Rethinking Technology to Enable Personalized Learning

 

This week we took a deeper look into how technologies can support learning. As clearly addressed by Culatta, there is a significant “digital divide” that exists among educators today. He defines these two groups as, “those who know how to use technology to reimagine learning and those who use technology to digitize traditional learning practices.” This statement and overarching theme of Culatta’s presentation really resonated with me as I thought about the most popular learning theories and practices being buzzed about in the education field today.  Like Culatta’s big focus, personalized learning is at the forefront of most discussions about what teaching and learning should look like in order to prepare today’s students for success in the future.

Although personalized learning may be seen as the pinnacle of education today, many educators do not have a thorough understanding of what that means for developing learning experiences that meet the needs of each student.  I have heard time and time again variations of the misconception that personalized learning means every student has a device in their hands and utilizing online programs and, in turn, the learning experience will change and learning will improve.  While having a technology device available for every student can be beneficial, “the best hope for accelerating student achievement is by using a range of pedagogical and technological innovations that deliver personalized learning to each student” (Childress & Benson 2014).  The fallacy that technology is the answer improving student achievement is the root of our current digital divide.

Culatta outlined that through a personalized learning model, technology enables real-time feedback, variable pacing, learner agency, creates creators, enables mass customization and radically improves access.  These components are integral to not only meeting the learning needs of every student, but foundational to the transformation that needs to take place across the education system to improve student outcomes at scale. Like Culatta adamantly proclaimed, until we close the digital divide that plagues the education field today, we will not be able to truly solve the problems that our educational system continues to face.

Research by Basham, et al (2016) supports this notion that, “personalized learning requires a completely unique approach to the design, implementation, and assessment of learning” (p. 134). Educational technology should enhance each of these elements. Like Culatta’s testament that technology should enable real-time feedback, this team of researchers emphasized the importance of teachers using technology to help manage and utilize student data from, for example, online instructional programs, to drive instruction on a real-time basis to generate personalize learning pathways for every student.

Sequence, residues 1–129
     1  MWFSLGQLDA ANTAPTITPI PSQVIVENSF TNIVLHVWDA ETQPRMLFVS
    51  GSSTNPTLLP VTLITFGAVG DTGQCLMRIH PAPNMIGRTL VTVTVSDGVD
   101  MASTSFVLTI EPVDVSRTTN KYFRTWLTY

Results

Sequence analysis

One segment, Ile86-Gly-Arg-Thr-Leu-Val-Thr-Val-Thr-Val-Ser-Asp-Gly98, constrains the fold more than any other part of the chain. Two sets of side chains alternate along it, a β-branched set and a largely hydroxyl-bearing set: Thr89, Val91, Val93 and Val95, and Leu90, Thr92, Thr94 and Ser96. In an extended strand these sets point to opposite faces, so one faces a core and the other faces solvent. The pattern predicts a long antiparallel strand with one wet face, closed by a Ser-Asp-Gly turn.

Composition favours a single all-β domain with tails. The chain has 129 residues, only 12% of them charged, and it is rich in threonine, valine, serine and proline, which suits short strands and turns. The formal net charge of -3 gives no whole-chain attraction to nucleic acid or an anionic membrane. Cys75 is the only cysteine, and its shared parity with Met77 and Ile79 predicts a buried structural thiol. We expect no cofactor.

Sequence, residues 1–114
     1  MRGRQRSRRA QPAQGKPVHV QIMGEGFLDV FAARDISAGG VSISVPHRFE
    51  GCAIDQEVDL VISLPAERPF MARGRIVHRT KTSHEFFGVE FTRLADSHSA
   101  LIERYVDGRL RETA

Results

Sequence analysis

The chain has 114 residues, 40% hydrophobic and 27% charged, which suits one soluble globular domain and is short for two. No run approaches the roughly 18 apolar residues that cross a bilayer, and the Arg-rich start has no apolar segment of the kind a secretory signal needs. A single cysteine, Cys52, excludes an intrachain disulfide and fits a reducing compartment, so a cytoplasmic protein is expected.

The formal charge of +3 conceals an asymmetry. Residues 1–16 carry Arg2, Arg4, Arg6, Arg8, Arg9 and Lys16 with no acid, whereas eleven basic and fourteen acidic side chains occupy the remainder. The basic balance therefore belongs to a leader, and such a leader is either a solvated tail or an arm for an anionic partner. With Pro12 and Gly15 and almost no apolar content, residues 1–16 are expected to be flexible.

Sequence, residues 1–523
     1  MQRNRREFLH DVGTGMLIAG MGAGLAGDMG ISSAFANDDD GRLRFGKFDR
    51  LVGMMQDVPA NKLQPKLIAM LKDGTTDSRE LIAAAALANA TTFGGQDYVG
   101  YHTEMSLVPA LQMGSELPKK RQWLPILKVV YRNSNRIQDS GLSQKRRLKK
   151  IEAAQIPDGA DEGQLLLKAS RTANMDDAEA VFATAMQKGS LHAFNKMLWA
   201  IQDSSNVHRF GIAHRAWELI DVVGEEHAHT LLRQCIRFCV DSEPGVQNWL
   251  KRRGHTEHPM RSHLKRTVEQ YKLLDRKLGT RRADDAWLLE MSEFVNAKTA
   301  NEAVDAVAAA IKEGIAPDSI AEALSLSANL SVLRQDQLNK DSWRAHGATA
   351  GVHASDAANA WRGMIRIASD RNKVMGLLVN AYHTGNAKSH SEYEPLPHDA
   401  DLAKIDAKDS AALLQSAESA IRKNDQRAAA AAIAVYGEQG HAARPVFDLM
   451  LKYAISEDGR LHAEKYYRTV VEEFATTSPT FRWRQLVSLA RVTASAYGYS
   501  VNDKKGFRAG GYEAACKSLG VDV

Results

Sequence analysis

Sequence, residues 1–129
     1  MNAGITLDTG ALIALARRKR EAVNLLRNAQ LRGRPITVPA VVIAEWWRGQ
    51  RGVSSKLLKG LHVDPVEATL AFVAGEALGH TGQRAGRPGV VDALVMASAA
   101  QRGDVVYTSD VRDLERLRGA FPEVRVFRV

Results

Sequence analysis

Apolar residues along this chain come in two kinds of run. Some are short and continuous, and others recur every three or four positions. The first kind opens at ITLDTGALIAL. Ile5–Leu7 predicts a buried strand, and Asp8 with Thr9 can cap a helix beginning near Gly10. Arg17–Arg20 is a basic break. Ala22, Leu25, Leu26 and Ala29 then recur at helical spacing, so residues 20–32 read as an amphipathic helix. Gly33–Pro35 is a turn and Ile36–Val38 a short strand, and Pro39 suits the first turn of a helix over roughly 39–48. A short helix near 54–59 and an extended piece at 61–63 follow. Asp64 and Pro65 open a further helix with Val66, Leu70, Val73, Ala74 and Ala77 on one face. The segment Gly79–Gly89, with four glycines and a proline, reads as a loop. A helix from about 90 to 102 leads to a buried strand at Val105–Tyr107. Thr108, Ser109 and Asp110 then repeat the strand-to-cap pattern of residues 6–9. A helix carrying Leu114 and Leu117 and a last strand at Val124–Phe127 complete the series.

Culatta also explained how technology can radically improve student access to learning experiences. This statement was particularly powerful to me as I am a former blended learning in one of the most impoverished neighborhoods in the city of Chicago. Although we were using a blended learning model during the school day, learning often came to a halt at 3:15 because the vast majority of our students lacked technology and internet capabilities at home.  This extension of the learning environment could have significantly improved our students’ achievement, but we were bound by this constraint. I was delighted to learn from Childress and Benson’s research that the school models that they examined, “break down traditional school walls, allowing students to access digital content and lessons online so they can learn anytime, anywhere” (p. 37).  We were unable to provide such experiences because we did not have the technology to provide this access to our students. Had I known about these schools’ methods for enabling access, I may have been able to create such a model at my own school. This is a prime example of Culatta’s digital divide.

Another transformative topic in education today is Maker Education where educators are working towards providing students opportunities to play and be makers and creators. Like Culatta explained, technology coupled with a personalized learning model can help develop students as creators. This element, too, underlines the digital divide. In order for teachers to personalize learning in a way that allows students to be creators, they must know how to use technology to reimagine learning activities.

Culatta and the other educational researchers that I learned from this week followed one common theme: technology is the tool that can help enable personalized learning, but technology should be reimagined to support and elevate each student’s learning experience.  Without realizing it at first, I began to make connections from my learning this week to my learning and activities from last week on Maker Education using my Makey Makey kit. We were tasked with creating an innovative learning experience using our maker kits and, until this week, I did not see the connection between personalized learning and my maker project. This activity was a prime example of how teachers can reimagine technology to engage students and elevate the learning experience in a meaningful way to make it personalized.

References:

Culatta, R. (2013, January). Reimagining Learning: Richard Culatta at TEDxBeaconStreet. Retrieved from: http://tedxtalks.ted.com/video/Reimagining-Learning-Richard-Cu

Childress, S., & Benson, S. (2014). Personalized learning for every student every day.The Phi Delta Kappan, 95(8), 33-38. Retrieved from http://www.jstor.org/stable/24374606

Basham, J. j., Hall, T. E., Carter Jr., R. A., & Stahl, W. M. (2016). An Operationalized Understanding of Personalized Learning. Journal Of Special Education Technology, 31(3), 126-136.

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